Care needs to be taken to ensure we are not crossing from first line to third line of deference, however if an organisation does not have good controls, or the implementation of controls is slow, having internal audit perform a desktop “mini” audit, can help provide management gain some level of comfort that there is no “hidden bombs”.

A “mini” audit over this topic at may not identify this issue, however a simple check that management is actively reviewing flight upgrade reports, or alternatively, the audit team performing data analytics to identify outliers our strange trends, may have prevented this. The deliverable would be a one page unrated audit report sent to the business area and relevant management with a range of questions or the business area to address. Contrary to a standard audit report where you work with the business area, this “mini” audit would simply identify potential issues and note these have not been verified with management and that management has been requested to validate or disapprove the identified issues. Management would then be tasked with providing a response to each of the items within 2 weeks and their response noted with action taken accordingly by the audit team (if necessary).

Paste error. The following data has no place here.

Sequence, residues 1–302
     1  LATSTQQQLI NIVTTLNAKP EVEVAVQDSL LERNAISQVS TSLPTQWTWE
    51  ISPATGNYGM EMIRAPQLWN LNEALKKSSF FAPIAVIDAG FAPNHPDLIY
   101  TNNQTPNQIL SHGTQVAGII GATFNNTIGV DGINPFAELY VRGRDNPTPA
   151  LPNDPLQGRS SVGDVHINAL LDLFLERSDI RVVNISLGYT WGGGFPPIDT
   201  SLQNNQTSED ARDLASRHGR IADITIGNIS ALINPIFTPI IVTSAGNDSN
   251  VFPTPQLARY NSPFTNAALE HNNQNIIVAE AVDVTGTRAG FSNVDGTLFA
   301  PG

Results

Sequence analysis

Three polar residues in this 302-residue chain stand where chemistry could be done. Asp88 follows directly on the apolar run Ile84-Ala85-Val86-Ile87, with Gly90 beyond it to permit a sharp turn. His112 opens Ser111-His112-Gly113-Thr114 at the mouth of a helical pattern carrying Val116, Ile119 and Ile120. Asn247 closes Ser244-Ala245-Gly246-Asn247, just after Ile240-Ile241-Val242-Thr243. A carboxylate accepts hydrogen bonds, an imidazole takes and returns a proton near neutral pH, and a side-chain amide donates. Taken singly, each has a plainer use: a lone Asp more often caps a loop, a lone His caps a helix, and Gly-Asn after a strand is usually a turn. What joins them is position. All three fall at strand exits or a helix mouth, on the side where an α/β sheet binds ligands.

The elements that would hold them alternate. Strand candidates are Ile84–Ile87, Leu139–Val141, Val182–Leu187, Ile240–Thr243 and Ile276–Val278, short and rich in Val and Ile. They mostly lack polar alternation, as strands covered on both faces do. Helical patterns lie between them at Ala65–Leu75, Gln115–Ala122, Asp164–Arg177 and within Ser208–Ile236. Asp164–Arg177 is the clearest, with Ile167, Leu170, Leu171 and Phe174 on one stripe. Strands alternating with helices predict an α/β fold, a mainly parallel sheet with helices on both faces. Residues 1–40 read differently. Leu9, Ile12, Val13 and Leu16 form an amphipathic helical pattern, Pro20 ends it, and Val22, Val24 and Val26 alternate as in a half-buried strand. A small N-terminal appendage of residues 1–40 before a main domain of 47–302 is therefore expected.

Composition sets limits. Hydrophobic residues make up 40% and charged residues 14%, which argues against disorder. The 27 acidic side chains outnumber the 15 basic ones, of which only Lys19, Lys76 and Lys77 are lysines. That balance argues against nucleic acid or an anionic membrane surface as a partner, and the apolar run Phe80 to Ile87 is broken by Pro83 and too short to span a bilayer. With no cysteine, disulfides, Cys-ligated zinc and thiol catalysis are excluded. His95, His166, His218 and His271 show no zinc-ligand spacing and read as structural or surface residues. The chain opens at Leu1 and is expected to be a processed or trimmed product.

The purpose of these “mini” audits is to not to give absolute assurance, but as mentioned earlier, to help reduce the risk of any surprises. They can also be used as an educational tool, particularly in organisations where there are limited or no controls, as they can help the business area think about risk and controls.

I will be providing a post at a later date regarding my “mini” audit concept.

The incident at JetBlue is a timely reminder as to why we, as auditors, need to ensure that we remain diligent and perform all our work thoroughly. It’s also a reminder for us to really question our audit plans and audit universe to ensure we are appropriately considering and responding to all the risks within our businesses.

Of course, these are only some of my opinions on ways which audit can address or prevent these situations occurring. There are multiple things which we can (and probably should) be doing during each audit.